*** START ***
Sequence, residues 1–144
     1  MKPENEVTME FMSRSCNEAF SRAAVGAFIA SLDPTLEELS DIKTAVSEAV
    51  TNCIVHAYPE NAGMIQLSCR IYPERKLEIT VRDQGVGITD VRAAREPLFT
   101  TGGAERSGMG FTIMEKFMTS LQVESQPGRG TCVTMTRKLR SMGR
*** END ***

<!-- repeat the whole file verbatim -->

Sequence, residues 1–144
     1  MKPENEVTME FMSRSCNEAF SRAAVGAFIA SLDPTLEELS DIKTAVSEAV
    51  TNCIVHAYPE NAGMIQLSCR IYPERKLEIT VRDQGVGITD VRAAREPLFT
   101  TGGAERSGMG FTIMEKFMTS LQVESQPGRG TCVTMTRKLR SMGR